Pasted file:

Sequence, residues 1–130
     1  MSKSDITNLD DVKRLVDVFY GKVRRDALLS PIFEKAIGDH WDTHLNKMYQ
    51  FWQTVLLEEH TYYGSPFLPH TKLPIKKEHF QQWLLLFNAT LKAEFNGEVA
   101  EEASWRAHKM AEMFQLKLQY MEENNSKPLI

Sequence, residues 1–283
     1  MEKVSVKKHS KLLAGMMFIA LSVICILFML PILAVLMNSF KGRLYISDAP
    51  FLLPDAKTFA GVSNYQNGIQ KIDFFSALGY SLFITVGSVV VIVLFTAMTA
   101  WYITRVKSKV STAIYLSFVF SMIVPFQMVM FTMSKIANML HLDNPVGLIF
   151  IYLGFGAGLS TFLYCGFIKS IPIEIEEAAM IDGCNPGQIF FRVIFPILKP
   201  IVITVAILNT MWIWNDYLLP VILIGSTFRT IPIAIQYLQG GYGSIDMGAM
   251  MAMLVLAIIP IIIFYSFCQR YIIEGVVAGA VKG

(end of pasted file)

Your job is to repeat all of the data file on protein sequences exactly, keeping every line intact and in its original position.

Sequence, residues 1–130
     1  MSKSDITNLD DVKRLVDVFY GKVRRDALLS PIFEKAIGDH WDTHLNKMYQ
    51  FWQTVLLEEH TYYGSPFLPH TKLPIKKEHF QQWLLLFNAT LKAEFNGEVA
   101  EEASWRAHKM AEMFQLKLQY MEENNSKPLI

Sequence, residues 1–283
     1  MEKVSVKKHS KLLAGMMFIA LSVICILFML PILAVLMNSF KGRLYISDAP
    51  FLLPDAKTFA GVSNYQNGIQ KIDFFSALGY SLFITVGSVV VIVLFTAMTA
   101  WYITRVKSKV STAIYLSFVF SMIVPFQMVM FTMSKIANML HLDNPVGLIF
   151  IYLGFGAGLS TFLYCGFIKS IPIEIEEAAM IDGCNPGQIF FRVIFPILKP
   201  IVITVAILNT MWIWNDYLLP VILIGSTFRT IPIAIQYLQG GYGSIDMGAM
   251  MAMLVLAIIP IIIFYSFCQR YIIEGVVAGA VKG